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SA, India, Brazil in resource deal

Cape Biotech is investigating a possible bio-prospecting partnership which would enable South Africa, Brazil and India to share each other’s resources in order to capitalize on their rich biodiversity.

Bio-prospecting is the search for valuable compounds in nature – plants, animals or micro-organisms – that can assist in the development of new drugs or industrial products.

Dr Mark Fyvie, Managing Director of Cape Biotech recently attended an India-Brazil-South Africa (IBSA) trade delegation where he met with his counterparts in New Delhi, and where a bio-prospecting memorandum of understanding was signed. Fyvie believes the three countries have “huge tracts of biodiversity” that can benefit each other, particularly sharing and collaborating on information platforms.

Biotechnology is one of the core focus areas of the IBSA agreement and representatives from government and industry met to discuss, among other issues, setting up tangible collaborations in the areas of functional genomics and high throughput biology.

“We are starting off very pragmatically and see this as a process that will gradually align the biodiversity objectives of the three countries,” he said.

Fyvie adds that they would like to create the ability for a powerful screening presence for the three countries, thereby enabling access to samples that are being poorly managed.

“This partnership is an agreement to work together going forward and is one of a number of areas of co-operation, where we could optimally exploit value from biodiversity and potentially embark on a joint bio-diversity project,” he says.

“The rollout is envisaged in three stages: sharing and learning, exchanging technologies and technology transfer, and eventually shared facilities among the three countries, but this will only be potentially possible once the alignment of national policies has begun.”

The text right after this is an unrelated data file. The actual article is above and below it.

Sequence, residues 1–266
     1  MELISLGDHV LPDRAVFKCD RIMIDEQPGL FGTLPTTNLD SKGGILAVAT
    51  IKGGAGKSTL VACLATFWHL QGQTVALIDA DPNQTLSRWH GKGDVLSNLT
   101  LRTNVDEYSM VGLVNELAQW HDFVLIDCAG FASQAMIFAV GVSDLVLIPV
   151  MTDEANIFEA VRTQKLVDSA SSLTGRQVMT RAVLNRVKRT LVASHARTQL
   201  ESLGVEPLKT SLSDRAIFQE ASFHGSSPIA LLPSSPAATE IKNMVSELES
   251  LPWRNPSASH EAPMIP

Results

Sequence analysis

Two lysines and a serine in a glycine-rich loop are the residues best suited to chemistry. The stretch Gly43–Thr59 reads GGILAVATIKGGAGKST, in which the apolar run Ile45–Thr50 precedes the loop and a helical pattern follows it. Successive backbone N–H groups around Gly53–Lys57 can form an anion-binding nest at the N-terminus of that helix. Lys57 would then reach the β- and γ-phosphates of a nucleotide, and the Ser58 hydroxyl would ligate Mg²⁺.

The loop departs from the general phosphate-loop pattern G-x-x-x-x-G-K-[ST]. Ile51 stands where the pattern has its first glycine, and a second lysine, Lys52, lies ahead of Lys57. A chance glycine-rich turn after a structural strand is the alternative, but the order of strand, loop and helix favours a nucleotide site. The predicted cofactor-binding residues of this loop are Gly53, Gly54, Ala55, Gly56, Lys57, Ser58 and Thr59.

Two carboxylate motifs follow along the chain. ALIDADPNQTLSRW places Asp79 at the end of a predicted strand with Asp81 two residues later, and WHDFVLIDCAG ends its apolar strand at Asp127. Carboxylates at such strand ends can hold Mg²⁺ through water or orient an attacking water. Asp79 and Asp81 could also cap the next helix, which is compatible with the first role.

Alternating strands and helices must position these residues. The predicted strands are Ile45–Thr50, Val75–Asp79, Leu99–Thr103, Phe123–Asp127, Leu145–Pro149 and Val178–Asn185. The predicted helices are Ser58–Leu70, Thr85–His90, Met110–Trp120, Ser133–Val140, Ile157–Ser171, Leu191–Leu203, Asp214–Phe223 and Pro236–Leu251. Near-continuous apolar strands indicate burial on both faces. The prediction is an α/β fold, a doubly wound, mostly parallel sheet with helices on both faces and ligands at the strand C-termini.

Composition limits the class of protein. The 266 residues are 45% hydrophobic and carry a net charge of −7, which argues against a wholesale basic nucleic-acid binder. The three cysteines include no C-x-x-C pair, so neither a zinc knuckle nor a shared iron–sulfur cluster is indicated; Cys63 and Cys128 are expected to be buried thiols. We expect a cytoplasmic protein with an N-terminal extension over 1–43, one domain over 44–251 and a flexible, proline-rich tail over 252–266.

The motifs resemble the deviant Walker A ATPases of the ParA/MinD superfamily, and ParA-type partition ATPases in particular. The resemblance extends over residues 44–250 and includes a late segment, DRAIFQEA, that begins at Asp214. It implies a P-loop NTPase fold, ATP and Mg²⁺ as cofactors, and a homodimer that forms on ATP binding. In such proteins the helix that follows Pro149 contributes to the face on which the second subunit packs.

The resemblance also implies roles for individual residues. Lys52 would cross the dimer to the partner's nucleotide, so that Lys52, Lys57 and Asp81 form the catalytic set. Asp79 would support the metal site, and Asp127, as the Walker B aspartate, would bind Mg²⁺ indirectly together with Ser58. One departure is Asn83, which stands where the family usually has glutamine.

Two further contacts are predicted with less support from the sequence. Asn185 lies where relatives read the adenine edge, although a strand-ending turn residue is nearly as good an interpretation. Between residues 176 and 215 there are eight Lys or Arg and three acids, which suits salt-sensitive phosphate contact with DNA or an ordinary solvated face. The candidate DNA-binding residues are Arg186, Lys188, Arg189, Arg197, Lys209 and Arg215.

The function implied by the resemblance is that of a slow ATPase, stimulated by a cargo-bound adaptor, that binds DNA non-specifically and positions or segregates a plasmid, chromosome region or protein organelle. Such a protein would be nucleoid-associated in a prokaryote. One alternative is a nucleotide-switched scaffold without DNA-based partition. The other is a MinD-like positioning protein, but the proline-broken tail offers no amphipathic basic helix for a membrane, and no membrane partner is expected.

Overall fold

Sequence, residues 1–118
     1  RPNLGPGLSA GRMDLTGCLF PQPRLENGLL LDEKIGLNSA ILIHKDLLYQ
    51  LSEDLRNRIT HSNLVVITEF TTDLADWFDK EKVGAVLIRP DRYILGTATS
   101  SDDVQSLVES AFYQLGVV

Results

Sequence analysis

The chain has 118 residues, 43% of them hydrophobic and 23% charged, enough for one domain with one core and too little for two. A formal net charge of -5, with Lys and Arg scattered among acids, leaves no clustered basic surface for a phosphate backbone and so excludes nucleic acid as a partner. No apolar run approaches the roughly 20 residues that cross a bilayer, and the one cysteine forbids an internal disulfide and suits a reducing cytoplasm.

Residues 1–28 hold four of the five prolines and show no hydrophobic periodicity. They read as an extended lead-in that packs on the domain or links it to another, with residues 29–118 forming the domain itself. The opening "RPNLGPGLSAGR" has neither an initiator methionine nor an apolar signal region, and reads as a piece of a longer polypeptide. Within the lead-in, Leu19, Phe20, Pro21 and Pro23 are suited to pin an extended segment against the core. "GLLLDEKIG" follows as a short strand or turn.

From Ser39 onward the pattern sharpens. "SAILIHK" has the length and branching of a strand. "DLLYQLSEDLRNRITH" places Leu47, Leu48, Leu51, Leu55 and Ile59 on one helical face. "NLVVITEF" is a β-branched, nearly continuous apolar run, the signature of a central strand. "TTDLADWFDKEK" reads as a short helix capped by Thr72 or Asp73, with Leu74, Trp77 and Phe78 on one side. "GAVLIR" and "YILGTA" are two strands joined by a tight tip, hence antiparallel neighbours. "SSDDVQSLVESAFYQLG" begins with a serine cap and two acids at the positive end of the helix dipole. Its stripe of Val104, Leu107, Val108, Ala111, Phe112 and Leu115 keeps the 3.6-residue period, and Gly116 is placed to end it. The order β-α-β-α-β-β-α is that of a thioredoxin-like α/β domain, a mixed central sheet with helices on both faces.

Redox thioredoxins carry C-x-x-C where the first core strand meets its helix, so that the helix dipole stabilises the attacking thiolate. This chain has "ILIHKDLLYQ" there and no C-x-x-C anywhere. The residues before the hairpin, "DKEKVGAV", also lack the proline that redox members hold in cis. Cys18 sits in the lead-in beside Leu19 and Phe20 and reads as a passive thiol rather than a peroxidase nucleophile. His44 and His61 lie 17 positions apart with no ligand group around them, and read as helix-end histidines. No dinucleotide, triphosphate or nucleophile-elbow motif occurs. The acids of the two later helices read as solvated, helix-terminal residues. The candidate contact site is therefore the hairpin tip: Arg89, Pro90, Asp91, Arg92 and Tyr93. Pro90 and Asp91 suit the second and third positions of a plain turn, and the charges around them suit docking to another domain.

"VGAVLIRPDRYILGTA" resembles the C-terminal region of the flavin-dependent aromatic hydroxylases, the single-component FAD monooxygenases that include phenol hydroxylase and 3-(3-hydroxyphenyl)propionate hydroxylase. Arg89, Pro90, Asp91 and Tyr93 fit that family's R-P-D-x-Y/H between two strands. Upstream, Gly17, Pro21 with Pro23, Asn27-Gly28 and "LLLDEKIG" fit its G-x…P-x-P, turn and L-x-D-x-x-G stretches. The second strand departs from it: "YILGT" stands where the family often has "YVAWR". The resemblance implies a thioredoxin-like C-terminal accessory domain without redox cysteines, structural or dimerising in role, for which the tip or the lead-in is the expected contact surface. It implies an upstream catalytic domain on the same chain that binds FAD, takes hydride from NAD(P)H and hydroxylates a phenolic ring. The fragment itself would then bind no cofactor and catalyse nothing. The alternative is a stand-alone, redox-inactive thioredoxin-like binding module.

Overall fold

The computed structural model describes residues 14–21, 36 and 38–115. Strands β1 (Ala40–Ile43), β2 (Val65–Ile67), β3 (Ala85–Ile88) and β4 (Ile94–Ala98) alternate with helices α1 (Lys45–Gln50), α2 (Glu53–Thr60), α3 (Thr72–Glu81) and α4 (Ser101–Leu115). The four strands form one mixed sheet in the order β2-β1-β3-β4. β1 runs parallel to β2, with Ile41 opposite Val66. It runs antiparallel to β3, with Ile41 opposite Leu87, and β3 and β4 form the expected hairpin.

Fyvie was very impressed with India’s investment in skills development.

“There are many highly skilled people in India, which has contributed enormously to the country’s success in the biotech industry. The message is that you cannot over-invest in skills. This coupled with the strong IT industry, as biotech is becoming more information rich, will sustain the future expansion of the biotech sector of the Indian economy.”

Where South Africa is at an “advantage” says Fyvie, is that our infrastructure is better developed, our business culture is more westernised and the language barrier is less of an issue for foreign investors.

“What we don’t have is as big a local market to justify working on and developing expensive products like India, and this is probably why they are the 12th largest biotechnology entity in the world.” he said.

Fyvie hopes that this cooperative effort will allow all three countries to maximize their biodiversity by capitalising on each country’s areas of strength and experience.

Cape Biotech is the Western Cape-based Biotechnology Regional Innovation Centre (Bric) an initiative of the Department of Science and Technology.

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